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August 7, 2020 – A key component of the Gulf Stream has markedly slowed over the past century–that’s the conclusion of a new research paper in Nature Communications published on August 7. The study develops a method of tracking the strength of near-shore ocean currents using measurements made at the coast, offering the potential to reduce one of the biggest uncertainties related to observations of climate change over the past century.

The new study uses a method of tracking the strength of near-shore ocean currents from a distance via measurements of coastal sea level. Photo by Carol Anne Clayson, ©Woods Hole Oceanographic Institution

“In the ocean, almost everything is connected,” said Christopher Piecuch, an assistant scientist in the Physical Oceanography Department at the Woods Hole Oceanographic Institution (WHOI) and author of the study. “We can use those connections to look at things in the past or far from shore, giving us a more complete view of the ocean and how it changes across space and time.”

Piecuch, who specializes in coastal and regional sea level change, used a connection between coastal sea level and the strength of near-shore currents to trace the evolution of the Florida Current, which forms the beginning of the Gulf Stream. The Gulf Stream flows north along the Southeast Atlantic Coast of the United States and eventually east into the North Atlantic Ocean, carrying heat, salt, momentum, and other properties that influence Earth’s climate. Because nearly continuous records of sea level stretch back more than a century along Florida’s Atlantic Coast and in some parts of the Caribbean, he was able to use mathematical models and simple physics to extend the reach of direct measurements of the Gulf Stream to conclude that it has weakened steadily and is weaker now than at any other point in the past 110 years.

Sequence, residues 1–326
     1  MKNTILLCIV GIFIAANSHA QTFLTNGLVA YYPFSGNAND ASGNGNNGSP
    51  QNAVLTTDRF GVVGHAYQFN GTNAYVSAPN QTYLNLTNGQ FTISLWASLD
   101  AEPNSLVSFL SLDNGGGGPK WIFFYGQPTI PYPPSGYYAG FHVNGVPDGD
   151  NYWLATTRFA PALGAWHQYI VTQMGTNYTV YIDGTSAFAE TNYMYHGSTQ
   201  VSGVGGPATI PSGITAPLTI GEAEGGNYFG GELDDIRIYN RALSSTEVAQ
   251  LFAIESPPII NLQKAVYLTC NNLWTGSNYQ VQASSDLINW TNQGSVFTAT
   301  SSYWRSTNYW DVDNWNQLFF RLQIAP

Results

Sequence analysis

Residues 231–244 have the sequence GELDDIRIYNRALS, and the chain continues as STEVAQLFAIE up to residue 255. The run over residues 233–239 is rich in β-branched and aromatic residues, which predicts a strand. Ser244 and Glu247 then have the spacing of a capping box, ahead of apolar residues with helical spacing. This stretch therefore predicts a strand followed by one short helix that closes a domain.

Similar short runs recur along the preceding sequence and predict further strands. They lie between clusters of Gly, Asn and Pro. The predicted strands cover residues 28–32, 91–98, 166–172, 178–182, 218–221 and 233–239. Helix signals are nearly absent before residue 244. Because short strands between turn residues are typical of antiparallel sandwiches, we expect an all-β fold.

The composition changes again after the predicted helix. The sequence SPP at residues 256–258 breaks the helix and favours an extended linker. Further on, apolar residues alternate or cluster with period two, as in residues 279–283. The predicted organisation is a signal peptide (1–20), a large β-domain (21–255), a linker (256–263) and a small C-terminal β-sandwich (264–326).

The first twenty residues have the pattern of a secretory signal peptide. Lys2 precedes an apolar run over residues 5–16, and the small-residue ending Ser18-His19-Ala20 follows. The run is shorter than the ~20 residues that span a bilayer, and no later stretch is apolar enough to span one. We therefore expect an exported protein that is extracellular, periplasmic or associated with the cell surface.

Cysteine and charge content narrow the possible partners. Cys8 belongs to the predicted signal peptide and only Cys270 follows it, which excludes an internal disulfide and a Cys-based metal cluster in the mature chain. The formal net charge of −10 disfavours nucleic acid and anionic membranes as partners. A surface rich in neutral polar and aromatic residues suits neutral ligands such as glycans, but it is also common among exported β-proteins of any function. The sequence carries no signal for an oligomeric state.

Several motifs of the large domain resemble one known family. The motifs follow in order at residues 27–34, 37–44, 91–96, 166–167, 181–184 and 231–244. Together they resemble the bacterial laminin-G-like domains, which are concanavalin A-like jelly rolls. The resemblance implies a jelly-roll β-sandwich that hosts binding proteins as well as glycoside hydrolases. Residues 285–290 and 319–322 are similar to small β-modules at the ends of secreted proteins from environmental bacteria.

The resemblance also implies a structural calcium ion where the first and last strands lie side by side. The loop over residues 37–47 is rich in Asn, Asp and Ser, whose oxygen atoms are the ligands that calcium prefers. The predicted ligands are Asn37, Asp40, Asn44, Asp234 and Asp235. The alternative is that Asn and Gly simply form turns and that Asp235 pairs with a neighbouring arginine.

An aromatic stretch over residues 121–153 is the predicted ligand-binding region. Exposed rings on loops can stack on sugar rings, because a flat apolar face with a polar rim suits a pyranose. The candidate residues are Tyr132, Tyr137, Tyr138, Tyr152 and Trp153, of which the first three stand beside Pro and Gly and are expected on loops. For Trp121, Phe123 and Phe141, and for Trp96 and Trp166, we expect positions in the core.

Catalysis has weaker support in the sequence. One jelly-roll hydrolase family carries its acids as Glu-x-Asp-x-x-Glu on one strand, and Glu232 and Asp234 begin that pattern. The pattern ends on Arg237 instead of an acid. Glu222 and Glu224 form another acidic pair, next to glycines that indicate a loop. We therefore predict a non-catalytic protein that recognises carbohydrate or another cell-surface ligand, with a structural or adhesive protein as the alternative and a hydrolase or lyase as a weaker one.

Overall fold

One of the biggest uncertainties in climate models is the behavior of ocean currents either leading to or responding to changes in Earth’s climate. Of these, one of the most important is the Atlantic Meridional Overturning Circulation, or AMOC, which is a large system or “conveyor belt” of ocean currents in the Atlantic that includes the Gulf Stream and that helps regulate global climate. Piecuch’s analysis agrees with relationships seen in models between the deeper branches of the AMOC and the Gulf Stream, and it corroborates studies suggesting that the deeper branches of AMOC have slowed in recent years. His method also offers the potential to monitor ocean currents like the Gulf Stream from the coast, complementing existing but difficult-to-maintain moored instruments and expensive research cruises.

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“If we can monitor something over the horizon by making measurements from shore, then that’s a win for science and potentially for society,” said Piecuch.

Journal article: http://dx.doi.org/10.1038/s41467-020-17761-w 

The Woods Hole Oceanographic Institution is a private, non-profit organization on Cape Cod, Mass., dedicated to marine research, engineering, and higher education. Established in 1930 on a recommendation from the National Academy of Sciences, its primary mission is to understand the ocean and its interaction with the Earth as a whole, and to communicate a basic understanding of the ocean’s role in the changing global environment. For more information, please visit http://www.whoi.edu.

Key Takeaways

The Florida Current, which forms the start of the Gulf Stream, has slowed over the past century and is the slowest it has been at any point in the past 110 years.

Historical analysis of the current was made using sea level records from Florida and the Caribbean.

Slowing of the Florida Current relates to the strength of the Gulf Stream and the much broader system of currents known as the Atlantic Meridional Overturning Circulation (AMOC) that helps regulate global climate.

Understanding past changes in ocean currents helps reduce one of the biggest uncertainties in observations of climate change over the past century.